Geneva Motor Show: 2018 Alpine A110 revealed

Sexy mid-engined sportster still being considered for Australia

2018 Alpine A110 revealed

It may have had one of the longest gestation periods of any new vehicle release, but the Alpine A110 has finally been revealed as France’s challenger to the German Porsche Cayman, British Lotus Exige and Italian Alfa Romeo 4C.

Renault’s revered and revived racecar brand previously trickled in teaser images of its A110, and the production model looks true to the concepts we’ve seen past. Now, however, there are figures to back up its slinky form.

2018 Alpine A110 rearThe Alpine is 4178mm long and weighs just 1080kg, slightly larger and heavier than a 4C (3990mm/1025kg respectively) but smaller and lighter than a Cayman (4379mm/1365kg). Like the Alfa but unlike the Porsche, however, the A110 is a (in this case Getrag sourced) seven-speed wet-dual-clutch automatic proposition only.

The rear-wheel-drive two-door coupe uses a new 1.8-litre turbocharged four-cylinder developing 188kW of power and 320Nm of torque, delivering a claimed 4.5-second 0-100km/h and 249km/h top speed. And note the fuel filler flap on the front guard: the fuel tank is behind the front axle, while the engine is positioned in front of the rear axle.

2018 Alpine A110 driftNormal, Sport and Track modes act on the engine, gearbox and electronic stability control (ESC) settings, as well as the noise emitted from the central single exhaust – although there are no suspension modes as the dampers are of the fixed variety.

Double wishbone front and rear suspension tie with all-aluminium Brembo brake callipers and 18-inch forged alloy wheels to save weight, while deeply sculpted Sabelt bucket seats are claimed to weigh just 13.1kg each.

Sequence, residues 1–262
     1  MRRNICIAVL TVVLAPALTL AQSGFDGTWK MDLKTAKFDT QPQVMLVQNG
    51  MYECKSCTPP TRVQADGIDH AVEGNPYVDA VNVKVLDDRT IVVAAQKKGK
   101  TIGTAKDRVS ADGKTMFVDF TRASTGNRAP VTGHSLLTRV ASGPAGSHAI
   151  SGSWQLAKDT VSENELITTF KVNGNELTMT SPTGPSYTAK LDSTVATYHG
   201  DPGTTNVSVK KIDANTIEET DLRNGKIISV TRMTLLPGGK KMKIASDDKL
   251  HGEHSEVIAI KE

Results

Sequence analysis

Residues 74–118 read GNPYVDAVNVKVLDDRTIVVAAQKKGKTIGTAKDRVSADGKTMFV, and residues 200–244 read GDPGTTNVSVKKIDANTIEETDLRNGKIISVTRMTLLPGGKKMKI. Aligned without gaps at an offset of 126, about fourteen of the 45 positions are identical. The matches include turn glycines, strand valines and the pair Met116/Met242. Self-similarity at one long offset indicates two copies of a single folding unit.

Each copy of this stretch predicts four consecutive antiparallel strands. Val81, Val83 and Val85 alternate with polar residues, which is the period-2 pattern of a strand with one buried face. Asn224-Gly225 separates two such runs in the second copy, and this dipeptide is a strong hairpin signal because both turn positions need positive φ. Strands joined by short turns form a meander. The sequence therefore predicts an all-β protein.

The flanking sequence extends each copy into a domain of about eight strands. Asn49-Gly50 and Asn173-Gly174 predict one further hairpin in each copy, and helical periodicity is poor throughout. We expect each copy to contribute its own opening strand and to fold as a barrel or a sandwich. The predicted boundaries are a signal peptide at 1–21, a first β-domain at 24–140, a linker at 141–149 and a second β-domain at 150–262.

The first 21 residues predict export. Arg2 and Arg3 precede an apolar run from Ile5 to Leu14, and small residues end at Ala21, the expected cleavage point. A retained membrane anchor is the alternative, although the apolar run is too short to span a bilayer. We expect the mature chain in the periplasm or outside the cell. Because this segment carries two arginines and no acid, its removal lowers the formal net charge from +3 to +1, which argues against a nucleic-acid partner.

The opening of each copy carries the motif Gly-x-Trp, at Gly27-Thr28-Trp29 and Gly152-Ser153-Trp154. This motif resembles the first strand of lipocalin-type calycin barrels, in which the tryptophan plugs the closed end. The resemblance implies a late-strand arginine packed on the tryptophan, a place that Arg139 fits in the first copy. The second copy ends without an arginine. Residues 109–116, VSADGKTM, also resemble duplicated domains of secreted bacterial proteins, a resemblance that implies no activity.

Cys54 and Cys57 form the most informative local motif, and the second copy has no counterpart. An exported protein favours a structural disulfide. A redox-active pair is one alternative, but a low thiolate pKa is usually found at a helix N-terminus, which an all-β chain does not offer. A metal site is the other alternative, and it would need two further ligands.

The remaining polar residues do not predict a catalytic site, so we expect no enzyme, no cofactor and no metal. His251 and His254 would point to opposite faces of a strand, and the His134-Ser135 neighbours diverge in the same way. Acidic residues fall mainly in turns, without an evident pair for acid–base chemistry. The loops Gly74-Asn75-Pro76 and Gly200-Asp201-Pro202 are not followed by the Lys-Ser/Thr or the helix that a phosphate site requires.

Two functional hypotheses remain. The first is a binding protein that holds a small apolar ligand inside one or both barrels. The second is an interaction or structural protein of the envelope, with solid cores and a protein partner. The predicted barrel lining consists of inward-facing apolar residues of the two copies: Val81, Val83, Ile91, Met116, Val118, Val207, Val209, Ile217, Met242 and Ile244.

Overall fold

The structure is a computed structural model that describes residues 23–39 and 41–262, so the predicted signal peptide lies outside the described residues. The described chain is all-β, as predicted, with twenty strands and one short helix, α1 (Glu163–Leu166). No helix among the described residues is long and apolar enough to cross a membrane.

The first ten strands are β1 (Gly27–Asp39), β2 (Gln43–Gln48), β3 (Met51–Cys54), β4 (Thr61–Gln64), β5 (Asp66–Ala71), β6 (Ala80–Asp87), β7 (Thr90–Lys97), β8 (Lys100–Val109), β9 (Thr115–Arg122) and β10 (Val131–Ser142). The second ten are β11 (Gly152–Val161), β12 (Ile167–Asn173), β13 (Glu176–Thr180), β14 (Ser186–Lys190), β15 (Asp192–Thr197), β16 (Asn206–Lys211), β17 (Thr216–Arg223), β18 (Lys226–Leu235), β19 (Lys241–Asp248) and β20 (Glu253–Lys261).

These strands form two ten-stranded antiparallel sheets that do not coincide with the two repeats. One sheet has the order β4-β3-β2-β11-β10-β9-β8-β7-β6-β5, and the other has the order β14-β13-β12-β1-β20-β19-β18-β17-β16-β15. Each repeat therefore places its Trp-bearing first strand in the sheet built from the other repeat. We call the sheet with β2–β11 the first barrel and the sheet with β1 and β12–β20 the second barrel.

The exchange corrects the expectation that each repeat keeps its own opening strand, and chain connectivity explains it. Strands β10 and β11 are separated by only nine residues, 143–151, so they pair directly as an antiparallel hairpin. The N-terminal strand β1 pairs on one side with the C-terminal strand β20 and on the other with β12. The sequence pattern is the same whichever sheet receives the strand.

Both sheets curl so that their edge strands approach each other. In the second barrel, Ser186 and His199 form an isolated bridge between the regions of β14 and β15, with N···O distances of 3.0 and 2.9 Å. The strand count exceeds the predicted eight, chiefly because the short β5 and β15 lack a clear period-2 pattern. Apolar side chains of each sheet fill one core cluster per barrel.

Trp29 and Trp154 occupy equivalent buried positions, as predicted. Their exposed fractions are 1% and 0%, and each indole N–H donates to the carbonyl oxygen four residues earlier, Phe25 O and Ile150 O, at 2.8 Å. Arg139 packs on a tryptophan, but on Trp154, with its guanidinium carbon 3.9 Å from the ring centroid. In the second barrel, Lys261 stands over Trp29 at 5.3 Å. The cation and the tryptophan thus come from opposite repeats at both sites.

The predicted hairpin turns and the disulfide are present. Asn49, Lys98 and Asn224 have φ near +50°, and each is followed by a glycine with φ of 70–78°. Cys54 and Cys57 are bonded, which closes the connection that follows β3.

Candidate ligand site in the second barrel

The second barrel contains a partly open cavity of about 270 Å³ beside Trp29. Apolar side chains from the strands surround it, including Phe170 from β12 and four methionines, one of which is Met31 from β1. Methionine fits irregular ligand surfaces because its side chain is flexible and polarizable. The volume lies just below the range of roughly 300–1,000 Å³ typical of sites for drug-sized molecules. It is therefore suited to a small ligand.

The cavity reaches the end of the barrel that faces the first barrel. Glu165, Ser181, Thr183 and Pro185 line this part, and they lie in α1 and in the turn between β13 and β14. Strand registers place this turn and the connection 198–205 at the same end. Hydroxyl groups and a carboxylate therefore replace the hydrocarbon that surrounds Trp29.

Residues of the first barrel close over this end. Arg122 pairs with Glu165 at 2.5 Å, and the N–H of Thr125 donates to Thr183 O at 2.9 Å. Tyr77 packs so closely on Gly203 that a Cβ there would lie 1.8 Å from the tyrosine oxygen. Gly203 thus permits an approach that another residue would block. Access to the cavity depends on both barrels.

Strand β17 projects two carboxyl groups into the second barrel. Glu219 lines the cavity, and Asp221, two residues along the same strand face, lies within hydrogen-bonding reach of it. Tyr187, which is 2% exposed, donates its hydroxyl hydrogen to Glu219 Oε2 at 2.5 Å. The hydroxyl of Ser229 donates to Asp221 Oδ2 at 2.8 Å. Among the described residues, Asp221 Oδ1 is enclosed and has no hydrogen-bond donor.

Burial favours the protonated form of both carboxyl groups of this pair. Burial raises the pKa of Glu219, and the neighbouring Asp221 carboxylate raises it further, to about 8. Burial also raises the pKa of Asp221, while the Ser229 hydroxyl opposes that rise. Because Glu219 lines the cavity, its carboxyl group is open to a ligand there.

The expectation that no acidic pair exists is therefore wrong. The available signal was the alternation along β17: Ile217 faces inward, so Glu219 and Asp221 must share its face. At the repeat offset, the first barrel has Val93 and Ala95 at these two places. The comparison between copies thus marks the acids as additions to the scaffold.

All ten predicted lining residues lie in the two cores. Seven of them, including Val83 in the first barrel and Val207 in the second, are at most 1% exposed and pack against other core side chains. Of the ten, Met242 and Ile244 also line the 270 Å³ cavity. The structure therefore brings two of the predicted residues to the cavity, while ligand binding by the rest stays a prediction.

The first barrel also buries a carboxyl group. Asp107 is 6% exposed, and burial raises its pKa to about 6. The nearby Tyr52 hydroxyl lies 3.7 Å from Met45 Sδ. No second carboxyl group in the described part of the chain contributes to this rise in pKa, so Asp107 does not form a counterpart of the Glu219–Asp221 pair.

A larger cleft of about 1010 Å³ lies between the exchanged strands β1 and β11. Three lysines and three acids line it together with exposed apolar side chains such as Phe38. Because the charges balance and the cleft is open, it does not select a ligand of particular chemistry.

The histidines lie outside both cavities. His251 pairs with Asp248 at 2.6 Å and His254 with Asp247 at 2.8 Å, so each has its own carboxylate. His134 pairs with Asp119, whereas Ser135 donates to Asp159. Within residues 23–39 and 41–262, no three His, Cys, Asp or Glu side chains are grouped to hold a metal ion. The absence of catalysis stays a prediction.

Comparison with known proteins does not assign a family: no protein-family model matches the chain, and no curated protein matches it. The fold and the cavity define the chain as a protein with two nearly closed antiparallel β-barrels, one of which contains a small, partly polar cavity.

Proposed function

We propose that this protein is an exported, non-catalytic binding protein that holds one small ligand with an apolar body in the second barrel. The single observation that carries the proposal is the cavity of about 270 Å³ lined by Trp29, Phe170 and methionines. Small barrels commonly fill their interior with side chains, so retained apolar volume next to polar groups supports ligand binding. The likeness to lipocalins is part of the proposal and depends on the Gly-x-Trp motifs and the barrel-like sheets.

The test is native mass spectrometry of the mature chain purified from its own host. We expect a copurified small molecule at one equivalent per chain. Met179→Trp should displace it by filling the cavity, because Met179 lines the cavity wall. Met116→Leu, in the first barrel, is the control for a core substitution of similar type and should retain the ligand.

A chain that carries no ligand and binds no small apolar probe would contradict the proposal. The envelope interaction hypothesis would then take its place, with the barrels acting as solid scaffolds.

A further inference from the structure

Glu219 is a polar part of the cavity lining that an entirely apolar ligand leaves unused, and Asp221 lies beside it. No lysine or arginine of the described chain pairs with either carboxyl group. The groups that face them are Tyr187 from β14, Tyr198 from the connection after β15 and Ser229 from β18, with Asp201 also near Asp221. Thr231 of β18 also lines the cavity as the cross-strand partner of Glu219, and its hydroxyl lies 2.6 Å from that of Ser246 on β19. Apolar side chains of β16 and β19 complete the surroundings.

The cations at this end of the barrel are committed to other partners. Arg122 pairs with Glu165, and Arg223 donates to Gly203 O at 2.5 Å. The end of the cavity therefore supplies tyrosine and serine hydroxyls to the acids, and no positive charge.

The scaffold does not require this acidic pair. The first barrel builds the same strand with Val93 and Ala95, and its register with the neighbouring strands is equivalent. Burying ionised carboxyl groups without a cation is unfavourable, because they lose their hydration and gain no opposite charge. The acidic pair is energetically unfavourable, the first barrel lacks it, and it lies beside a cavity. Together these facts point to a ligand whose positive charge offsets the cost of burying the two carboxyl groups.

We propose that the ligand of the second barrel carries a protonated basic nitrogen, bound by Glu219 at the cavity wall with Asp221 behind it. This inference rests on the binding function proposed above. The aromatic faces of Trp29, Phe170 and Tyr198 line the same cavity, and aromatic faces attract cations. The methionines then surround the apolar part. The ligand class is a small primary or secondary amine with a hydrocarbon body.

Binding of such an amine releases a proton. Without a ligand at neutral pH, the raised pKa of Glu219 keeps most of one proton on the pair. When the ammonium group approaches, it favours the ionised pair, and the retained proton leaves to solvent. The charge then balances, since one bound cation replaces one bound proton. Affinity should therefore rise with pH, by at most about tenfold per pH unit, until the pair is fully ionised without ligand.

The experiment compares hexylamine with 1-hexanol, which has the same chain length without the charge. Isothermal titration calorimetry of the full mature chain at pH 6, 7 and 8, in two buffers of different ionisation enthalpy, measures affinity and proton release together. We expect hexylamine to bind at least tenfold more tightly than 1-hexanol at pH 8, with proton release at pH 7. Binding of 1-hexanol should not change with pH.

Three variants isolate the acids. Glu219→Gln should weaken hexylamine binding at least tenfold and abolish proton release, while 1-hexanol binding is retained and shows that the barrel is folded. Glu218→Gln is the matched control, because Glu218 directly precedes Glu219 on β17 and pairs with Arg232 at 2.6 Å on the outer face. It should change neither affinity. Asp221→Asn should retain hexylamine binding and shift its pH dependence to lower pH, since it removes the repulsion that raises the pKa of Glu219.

The cabin design of the Alpine A110 appears to be more luxurious than an Alfa or Lotus, yet more minimalist than a Porsche.

2018 Alpine A110 interiorAlthough the climate controls and touchscreen design are Renault derived, a colour screen ahead of the driver, alloy toggle switchgear, a floating centre console with transmission buttons rather than a lever, quilted leather/Alcantara trim and exposed body coloured metal door trims aim for a ‘premium racecar’ feel.

Alpine’s first 1955 units – commemorating the year Jean Rédélé launched the brand – will be in A110 Premiere Edition specification, complete with an Alpine Blue, Noir Profond (black) or Blanc Solaire (white) exterior, French flag-waving ‘tricolore’ blue, white and red badging inside, aluminium pedals and more, priced at 58,500 Euro or $81,500 Australian.

That pricing is consistent with Renault Australia’s communication of where the Alpine will sit in the market – south of $90K. Although confirmed for right-hand drive production and initially thought to be a natural addition to the local market, Renault Australia now says a decision has not yet been made to bring the coupe here.

2018 Alpine A110 profile“We know that Alpine fans all over the world have been waiting a long time to see the production car and we are excited to say that it’s finally here,” explained Renault Australia corporate communications manager Mel Cross.

“We are studying the opportunity to distribute Alpine in Australia and will communicate at a later stage when our decision is made.”


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